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NSW Health Report: A Review of the Regulation of Cosmetic Procedures

Cosmetic Surgery

We currently act for several clients that have had poor outcomes following cosmetic surgery procedures carried out by relatively inexperienced surgeons touting themselves as ‘cosmetic surgeons’. There are presently no government regulations restricting practitioners from holding themselves out as ‘cosmetic surgeons’, even if they have no surgical training. This is in contrast to ‘plastic and reconstructive surgeons’ and ‘specialist surgeons’ who are required to undergo years of surgical training. We have long been critical of the government’s reluctance to restrict the use of the term ‘cosmetic surgeon’. This has called for a Review of the Regulation of Cosmetic Procedures.

Opponents to the proposal that the term ‘cosmetic surgeons’ be regulated argue that patients should conduct their own research as to the qualifications and experience of practitioners prior to undergoing procedures.

In April 2018, NSW Health released a Report on the Review of the Regulation of Cosmetic Procedures (April 2018). The report covers the results of a review, announced by the NSW Minister for Health, the Honourable Brad Hazzard MP in September 2017. It was undertaken in response to a series of tragic outcomes including the death of Jean Huang, a 33-year old woman who underwent the injection of local anaesthetic and breast filler by an overseas trained practitioner not registered in Australia at Medi Beauty Clinic located in Broadway, Sydney. The practitioner in question has since been charged with recklessly inflicting grievous bodily harm and using poison to endanger life.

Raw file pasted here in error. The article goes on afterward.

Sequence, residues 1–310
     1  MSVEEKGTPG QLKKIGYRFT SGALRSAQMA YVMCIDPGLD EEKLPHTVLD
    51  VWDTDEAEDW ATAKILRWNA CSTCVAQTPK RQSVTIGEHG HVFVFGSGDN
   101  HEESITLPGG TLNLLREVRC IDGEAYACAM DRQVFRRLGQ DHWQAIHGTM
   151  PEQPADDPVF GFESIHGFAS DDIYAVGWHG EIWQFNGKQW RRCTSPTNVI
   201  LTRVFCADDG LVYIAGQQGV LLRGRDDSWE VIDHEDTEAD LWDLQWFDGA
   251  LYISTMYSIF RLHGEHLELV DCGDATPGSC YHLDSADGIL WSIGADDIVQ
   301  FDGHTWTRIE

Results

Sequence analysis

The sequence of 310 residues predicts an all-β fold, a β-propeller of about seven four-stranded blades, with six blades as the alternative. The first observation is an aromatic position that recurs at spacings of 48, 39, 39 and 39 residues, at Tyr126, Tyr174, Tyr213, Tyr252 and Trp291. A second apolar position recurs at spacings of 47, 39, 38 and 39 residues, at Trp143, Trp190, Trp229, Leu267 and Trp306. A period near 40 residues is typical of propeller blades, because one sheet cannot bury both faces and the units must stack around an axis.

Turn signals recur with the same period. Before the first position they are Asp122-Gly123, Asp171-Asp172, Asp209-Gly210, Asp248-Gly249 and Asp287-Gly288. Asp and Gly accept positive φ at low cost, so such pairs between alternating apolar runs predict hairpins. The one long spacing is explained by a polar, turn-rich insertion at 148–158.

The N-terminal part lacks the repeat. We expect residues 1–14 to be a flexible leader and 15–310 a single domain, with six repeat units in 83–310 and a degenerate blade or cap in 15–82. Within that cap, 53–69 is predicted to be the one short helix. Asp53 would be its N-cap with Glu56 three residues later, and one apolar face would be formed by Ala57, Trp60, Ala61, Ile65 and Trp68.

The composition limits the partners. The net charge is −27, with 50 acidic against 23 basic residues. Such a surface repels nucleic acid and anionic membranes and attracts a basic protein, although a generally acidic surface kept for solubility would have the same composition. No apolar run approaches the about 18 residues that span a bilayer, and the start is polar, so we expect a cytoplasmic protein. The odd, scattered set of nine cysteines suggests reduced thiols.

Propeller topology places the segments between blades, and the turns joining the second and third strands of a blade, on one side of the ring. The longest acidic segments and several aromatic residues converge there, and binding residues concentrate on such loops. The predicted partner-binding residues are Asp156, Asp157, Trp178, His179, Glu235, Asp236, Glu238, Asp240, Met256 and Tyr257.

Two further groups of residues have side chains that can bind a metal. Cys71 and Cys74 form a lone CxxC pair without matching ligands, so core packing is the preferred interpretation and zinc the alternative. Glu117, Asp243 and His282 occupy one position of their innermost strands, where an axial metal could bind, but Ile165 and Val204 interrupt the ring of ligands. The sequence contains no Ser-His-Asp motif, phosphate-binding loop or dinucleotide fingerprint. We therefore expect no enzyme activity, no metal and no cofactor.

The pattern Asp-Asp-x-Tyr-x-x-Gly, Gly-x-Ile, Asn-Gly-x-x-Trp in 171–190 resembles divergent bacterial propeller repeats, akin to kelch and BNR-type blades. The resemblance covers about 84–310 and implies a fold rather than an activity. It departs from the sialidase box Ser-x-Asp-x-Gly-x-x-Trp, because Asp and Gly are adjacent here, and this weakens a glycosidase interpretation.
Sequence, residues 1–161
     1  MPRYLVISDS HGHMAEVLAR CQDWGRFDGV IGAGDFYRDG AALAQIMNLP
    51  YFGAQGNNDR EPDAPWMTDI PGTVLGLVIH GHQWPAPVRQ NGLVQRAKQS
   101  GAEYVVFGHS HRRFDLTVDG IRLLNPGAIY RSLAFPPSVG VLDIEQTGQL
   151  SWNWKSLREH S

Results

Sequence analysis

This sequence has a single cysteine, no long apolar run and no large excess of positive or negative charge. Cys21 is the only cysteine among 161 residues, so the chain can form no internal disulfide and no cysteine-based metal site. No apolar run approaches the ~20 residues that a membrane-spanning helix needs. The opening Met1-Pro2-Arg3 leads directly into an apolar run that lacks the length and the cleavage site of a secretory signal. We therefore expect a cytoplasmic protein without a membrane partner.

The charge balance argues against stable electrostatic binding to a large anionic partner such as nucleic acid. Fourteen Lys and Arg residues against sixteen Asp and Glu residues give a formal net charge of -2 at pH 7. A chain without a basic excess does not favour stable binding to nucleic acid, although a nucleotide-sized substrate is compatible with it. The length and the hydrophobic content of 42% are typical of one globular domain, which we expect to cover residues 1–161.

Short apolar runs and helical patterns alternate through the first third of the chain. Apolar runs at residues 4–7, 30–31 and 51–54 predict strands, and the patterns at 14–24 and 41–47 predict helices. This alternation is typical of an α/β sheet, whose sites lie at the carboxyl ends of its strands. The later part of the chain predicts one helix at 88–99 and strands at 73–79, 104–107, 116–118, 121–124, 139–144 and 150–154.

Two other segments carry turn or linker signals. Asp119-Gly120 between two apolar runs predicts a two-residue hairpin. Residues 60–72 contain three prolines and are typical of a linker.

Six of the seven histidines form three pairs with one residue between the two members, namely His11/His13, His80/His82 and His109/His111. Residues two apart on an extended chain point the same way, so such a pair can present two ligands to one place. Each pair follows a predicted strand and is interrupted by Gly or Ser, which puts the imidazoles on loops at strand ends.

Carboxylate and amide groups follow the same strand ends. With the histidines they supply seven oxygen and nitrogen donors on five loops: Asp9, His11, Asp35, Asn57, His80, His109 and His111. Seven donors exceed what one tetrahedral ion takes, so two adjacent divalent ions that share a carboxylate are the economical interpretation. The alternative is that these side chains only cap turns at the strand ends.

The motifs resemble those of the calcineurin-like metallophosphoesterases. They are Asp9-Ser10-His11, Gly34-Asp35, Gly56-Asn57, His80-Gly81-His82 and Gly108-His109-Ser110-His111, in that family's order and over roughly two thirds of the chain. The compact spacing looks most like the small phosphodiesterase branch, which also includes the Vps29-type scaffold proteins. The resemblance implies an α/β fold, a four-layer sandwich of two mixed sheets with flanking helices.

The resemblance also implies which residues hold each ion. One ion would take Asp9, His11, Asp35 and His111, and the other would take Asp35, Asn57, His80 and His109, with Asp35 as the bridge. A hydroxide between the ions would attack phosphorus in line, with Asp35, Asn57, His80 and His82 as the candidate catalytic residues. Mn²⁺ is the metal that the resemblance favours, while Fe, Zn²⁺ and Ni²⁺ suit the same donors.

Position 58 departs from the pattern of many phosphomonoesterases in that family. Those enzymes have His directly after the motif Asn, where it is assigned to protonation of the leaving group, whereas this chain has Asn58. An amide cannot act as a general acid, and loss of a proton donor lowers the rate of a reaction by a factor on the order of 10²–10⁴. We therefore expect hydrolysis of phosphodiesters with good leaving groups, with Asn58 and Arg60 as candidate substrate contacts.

When the review was announced, it was hoped that the use of the term ‘cosmetic surgeon’ would become regulated. The report recommends that “consideration be given to restricting the title “cosmetic surgeon””. The practical effect of this recommendation is yet to be seen. Other recommendations include:

  • Amending the Private Health Facilities Regulation to make it an offence for persons such as medical practitioners to carry out certain cosmetic procedures in an unlicensed private health facility; and
  • The introduction of tighter regulations for the prescribing, use, storage, access and administration of medicines that are widely used in cosmetic procedures.

The report urges patients to undertake their own inquiries including checking the Australian Health Practitioner Regulation Agency website to check whether the relevant practitioner is registered in Australia and whether any conditions have been placed on their ability to practice. Patients can also check whether the procedure being considered is listed as a procedure which must be carried out at a ‘licensed private health facility’ or public hospital. Licensed facilities are obliged to display a copy of their licence.  A list of facilities currently licensed can be found at http://www.health.nsw.gov.au/Hospitals/privatehealth/Pages/application-forms.aspx.

We will be watching closely to see whether the recommendations made in the report are actioned by the NSW Government.

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